I assumed this was the end of the story, but then Konstantin pulled up yet another document, this one from the 1990s, after the fall of the Soviet Union. It was from Sergei Mironenko, director of the State Archive of the Russian Federation, and contained detailed information on Criminal Case P-52079 concerning Smirnov, Vladimir Fyodorovich. According to this document, Smirnov did not die of natural causes after all. Rather, he had been found guilty by a commission of the NKVD (predecessor to the KGB) of “active participation in a counterrevolutionary terrorist group as specified in Statute 58, Paragraphs 8 and 11 of the Criminal Code of the RSFSR.” He was sentenced to death and shot on August 20, 1938. A tribunal of the Moscow Military District later reviewed Smirnov’s case, and on April 28, 1958 it issued Decision No. 3022/D overturning the twenty-year old sentence of the NKVD. The bureaucratic language of the letter belied the unspeakable crime carried out against Vladimir Smirnov. “The Military Tribunal has countermanded the conviction and ended the case against him due to a lack of proof of a crime.” Nowhere in the document is the word “innocent” to be found.
The Soviet government lied to its citizens. It denied the truth and it kept secrets. But as I found, the story I was researching wasn’t just a simple case of the state versus the people. In fact, it still isn’t, for not everyone is ready for the truth to come out.
A family that had once dwelled in palaces had been reduced to a few dingy rooms, the wallpaper faded, the plaster stained by water damage. Pointing to a large trunk, Dunya said that this was all that remained of the family archive, including the diary her grandfather had kept for his entire life. She asked if I’d like to see it.
I was surprised and excited, though I did my best not to show it. Some in the family had told me that Dunya was unlikely to meet me, and even if she did, she’d not let me see anything. And now here I was, in her apartment about to be handed her grandfather’s diary. I couldn’t believe my good fortune.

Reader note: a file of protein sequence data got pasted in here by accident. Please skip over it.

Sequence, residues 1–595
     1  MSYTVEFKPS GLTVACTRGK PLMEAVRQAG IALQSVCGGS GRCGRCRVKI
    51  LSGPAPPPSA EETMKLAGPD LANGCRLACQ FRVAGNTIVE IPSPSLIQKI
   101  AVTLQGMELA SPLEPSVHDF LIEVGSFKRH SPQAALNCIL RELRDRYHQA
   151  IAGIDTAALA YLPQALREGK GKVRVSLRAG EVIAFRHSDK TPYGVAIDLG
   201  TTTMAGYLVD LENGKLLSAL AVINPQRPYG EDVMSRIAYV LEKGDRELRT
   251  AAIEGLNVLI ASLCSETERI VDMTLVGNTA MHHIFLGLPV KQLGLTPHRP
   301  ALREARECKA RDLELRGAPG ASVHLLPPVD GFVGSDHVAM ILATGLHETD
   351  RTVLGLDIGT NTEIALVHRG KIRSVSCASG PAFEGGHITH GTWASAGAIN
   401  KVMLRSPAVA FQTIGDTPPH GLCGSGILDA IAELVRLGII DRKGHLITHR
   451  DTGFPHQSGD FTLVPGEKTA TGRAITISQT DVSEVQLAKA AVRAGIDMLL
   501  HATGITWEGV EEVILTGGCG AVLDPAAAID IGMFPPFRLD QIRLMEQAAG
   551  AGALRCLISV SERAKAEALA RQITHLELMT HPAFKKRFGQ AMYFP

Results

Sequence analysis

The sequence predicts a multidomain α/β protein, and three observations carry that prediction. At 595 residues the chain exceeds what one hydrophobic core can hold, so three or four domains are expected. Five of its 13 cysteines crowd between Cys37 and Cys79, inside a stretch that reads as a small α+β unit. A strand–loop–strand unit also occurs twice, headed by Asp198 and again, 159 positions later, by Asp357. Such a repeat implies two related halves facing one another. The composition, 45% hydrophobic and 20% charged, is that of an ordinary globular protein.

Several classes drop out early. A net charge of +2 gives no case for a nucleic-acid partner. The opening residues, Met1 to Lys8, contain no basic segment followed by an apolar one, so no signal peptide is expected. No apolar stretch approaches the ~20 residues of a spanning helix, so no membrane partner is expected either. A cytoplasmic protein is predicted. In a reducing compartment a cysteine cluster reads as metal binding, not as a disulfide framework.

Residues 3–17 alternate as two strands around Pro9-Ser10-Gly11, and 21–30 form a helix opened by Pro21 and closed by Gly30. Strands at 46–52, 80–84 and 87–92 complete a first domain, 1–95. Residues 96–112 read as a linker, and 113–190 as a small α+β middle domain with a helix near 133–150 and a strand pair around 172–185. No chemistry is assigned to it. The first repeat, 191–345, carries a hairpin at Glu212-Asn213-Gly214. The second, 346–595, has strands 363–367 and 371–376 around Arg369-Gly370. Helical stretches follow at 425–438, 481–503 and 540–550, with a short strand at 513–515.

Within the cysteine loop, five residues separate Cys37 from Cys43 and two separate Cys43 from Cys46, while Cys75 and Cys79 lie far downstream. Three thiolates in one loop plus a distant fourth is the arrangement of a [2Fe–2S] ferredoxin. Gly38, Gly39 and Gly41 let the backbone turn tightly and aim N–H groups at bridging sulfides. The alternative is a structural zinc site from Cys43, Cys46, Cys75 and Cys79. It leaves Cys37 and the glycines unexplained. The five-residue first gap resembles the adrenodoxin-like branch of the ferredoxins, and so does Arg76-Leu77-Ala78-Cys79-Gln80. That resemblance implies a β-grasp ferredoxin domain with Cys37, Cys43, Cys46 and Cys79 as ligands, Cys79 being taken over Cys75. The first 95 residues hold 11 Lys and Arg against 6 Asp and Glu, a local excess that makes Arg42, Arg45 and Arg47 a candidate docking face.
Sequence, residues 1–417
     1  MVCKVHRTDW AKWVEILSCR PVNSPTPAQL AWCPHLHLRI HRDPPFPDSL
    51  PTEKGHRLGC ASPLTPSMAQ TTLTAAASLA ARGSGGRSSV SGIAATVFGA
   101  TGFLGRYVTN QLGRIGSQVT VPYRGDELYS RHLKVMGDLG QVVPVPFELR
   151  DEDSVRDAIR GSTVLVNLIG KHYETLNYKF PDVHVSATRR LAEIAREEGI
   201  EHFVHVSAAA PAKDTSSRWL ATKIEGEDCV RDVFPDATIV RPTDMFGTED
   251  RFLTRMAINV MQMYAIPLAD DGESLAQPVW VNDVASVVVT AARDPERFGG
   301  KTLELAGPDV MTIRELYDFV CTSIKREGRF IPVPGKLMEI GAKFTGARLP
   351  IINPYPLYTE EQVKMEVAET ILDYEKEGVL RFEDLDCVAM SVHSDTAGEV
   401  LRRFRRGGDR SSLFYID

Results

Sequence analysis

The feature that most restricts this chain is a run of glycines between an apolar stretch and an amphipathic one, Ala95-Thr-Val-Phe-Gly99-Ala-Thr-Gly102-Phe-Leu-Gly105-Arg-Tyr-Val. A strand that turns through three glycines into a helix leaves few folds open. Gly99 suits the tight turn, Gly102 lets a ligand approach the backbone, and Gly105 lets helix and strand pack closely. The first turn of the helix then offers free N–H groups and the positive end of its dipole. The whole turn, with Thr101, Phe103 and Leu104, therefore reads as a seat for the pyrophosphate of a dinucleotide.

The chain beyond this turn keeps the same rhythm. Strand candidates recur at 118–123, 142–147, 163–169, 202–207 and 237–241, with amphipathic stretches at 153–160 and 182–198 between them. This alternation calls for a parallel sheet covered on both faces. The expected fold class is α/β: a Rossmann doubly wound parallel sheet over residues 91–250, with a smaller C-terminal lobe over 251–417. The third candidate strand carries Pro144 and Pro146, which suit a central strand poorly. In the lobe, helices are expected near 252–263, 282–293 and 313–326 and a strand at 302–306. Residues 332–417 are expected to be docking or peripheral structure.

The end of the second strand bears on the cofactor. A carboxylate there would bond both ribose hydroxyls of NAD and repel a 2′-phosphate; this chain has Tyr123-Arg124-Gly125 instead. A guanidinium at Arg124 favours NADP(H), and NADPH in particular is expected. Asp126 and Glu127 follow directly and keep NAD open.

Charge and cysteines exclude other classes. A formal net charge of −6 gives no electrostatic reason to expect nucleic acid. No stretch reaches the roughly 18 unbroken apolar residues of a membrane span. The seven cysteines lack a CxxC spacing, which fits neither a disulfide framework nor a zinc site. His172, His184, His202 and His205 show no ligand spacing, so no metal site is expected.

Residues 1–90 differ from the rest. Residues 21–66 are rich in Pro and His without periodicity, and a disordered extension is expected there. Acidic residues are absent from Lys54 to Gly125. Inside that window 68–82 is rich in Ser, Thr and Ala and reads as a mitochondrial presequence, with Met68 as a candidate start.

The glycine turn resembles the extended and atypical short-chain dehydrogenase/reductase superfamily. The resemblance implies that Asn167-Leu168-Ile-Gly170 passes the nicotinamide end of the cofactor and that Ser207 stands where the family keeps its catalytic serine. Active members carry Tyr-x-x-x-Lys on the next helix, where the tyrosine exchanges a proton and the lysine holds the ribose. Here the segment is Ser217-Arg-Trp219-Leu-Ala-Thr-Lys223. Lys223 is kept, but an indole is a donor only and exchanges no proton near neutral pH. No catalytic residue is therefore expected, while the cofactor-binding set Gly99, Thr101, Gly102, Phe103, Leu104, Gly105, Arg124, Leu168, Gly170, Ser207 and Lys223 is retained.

I can still see her as she stood up from the trunk, smoothed her skirt, and then stretched out her hand. She was holding a tattered notebook, bringing it closer to me. I reached out to take it, and then, suddenly, Dunya’s hand retracted, and before I know what was happening she had dropped the diary back into the trunk and shut the lid.
Stunned, I tried not to show any reaction. I kept talking, asking questions about her family and doing my best to assure her I was not a threat and that she could trust me with her family secrets. She listened politely, but batted away all my requests to read the diary: The ink had faded, the handwriting was too difficult, the pages were too brittle.
And then she came to what I think was the real reason. The diary contained many painful things, she said, especially for the family members who had left Russia. The revolution had not just destroyed the nobility as a class, it had forced people to make difficult decisions about their duties to family, to their country, and to themselves. I can’t say for certain, but I do wonder whether Dunya’s grandfather felt betrayed by his brothers who left Russia. Their lives as exiles weren’t easy, but they were nothing like the hardships he endured. Pavel must have recorded all of this, and certainly more, in his diary.
I left that day discouraged but hopeful Dunya would eventually acquiesce. I visited her a few more times over the years, bringing her books, sweets, even copies of her grandfather’s letters I had come across in the archives. She was always welcoming and happy to talk about her family, but she never did let me read the diary.
For a long time I was upset. Didn’t she realize I was on her side? I wanted to tell her story, I wanted the world to know how her family had suffered. How could she not see that? And then, gradually, her resistance brought out feelings I had not recognized before, or at least not wanted to. In knocking on the doors of these impoverished aristocrats was I not, on some level, no different than their Soviet oppressors? Nearly everything had been taken from them, and here I was hoping to take what little remained. Dunya’s grandfather was long buried and then I appeared asking her to dig him up just so I might take a closer look. As a historian I still wish she would have shown me the diary, but I respect and I think I now also understand her reasons for keeping this little bit of her family’s inheritance for herself.
Douglas Smith is an award-winning historian and translator and the author of three previous books on Russia. Before becoming a historian, he worked for the U. S. State Department in the Soviet Union and as a Russian affairs analyst for Radio Free Europe/Radio Liberty in Munich. He lives in Seattle with his wife and two children. His most recent book, Former People: The Final Days of the Russian Aristocracy, is now available.
For more information, visit: http://www.douglassmith.info/